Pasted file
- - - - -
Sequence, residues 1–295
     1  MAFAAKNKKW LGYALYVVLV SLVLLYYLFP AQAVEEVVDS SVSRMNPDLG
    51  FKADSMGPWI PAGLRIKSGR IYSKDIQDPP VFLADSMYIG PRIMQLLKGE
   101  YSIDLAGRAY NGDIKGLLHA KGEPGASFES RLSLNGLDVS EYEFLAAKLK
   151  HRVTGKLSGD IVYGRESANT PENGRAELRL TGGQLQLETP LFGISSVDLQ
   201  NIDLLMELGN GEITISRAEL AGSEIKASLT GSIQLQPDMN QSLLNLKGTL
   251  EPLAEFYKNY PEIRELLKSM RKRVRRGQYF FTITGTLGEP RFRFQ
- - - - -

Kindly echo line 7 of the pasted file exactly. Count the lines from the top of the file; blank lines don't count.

   251  EPLAEFYKNY PEIRELLKSM RKRVRRGQYF FTITGTLGEP RFRFQ